1-3 Human-Centered Design and
We have overcomplicated the software and forgotten the primary objective.
?span class="docEmphasis">Jim and Sandra Sundfors
Not only interface designers but also managers in the electronics and computer industries understand the need for user- or customer-centered design. The first step in meeting this need is to get to know your users, but in commercial practice, getting to know the users usually consists of listening to task domain experts. Domain experts often know the parameters and details of the problem to be
, but their formal expertise does not usually extend to questions of human psychology. Although users' task-
, your user population shares many common mental attributes. Before exploring the application or even working to accommodate differences among individuals, interface designers can minimize their work by exploiting what is common to all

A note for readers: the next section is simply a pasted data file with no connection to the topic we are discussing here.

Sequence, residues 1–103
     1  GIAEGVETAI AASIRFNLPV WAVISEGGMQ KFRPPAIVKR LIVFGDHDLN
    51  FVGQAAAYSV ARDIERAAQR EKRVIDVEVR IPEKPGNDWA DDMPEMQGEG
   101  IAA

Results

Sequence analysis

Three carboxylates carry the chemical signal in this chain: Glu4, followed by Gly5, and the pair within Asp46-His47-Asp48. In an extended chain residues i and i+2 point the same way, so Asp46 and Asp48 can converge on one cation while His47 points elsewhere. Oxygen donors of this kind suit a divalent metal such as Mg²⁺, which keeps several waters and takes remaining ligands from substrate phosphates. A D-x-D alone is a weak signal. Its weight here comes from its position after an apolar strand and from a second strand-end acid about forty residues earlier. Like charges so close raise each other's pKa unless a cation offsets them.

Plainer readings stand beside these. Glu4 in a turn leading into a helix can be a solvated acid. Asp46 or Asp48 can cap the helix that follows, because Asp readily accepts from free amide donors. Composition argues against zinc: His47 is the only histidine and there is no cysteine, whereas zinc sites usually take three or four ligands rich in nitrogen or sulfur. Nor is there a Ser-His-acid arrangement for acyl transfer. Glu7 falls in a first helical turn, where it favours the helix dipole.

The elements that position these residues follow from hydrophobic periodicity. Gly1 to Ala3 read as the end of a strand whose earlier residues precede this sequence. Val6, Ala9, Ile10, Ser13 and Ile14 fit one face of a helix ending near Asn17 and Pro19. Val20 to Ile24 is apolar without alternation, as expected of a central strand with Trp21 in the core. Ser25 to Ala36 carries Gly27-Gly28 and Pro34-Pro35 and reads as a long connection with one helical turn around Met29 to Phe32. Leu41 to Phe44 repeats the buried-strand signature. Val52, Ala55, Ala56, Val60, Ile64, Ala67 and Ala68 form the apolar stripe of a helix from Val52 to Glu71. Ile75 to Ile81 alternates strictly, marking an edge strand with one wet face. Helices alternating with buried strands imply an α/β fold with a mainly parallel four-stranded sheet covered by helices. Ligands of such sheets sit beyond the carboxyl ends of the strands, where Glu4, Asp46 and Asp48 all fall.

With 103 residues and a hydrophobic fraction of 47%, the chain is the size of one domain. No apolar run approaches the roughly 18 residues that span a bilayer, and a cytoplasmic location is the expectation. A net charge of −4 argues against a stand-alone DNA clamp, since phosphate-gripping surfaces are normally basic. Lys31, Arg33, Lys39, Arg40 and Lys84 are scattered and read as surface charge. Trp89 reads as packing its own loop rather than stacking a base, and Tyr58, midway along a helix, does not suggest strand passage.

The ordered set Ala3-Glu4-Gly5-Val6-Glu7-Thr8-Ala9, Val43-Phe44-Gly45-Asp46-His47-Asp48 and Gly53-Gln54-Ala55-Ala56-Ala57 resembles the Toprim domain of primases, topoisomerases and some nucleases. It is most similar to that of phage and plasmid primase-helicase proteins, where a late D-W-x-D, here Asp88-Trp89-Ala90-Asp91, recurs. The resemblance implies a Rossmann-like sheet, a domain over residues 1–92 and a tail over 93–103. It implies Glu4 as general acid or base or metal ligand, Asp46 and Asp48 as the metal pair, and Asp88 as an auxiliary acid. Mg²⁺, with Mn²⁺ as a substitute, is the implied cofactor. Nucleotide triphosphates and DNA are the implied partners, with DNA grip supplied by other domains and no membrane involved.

with regard to interface-design requirements. After that is accomplished, the interface designers can accommodate the differences across individuals and groups, and, finally, they can
the varying requirements of their
. That crucial first step—making sure that the interface design accords with universal psychological facts—is customarily omitted in the design process. For the most part, interface designers have abdicated that responsibility to "industry standards." All current popular interfaces have been built on underpinnings that flout what we know about human thought and behavior. For example, files with file
are a nearly universal feature in computer systems, yet we all have trouble remembering what file
we used to store a document six months ago. (A solution to this problem will be discussed in Section 5-3.) We want comprehensible software that
, by its impeccable behavior, that its designers were focused more on usability than on glitz.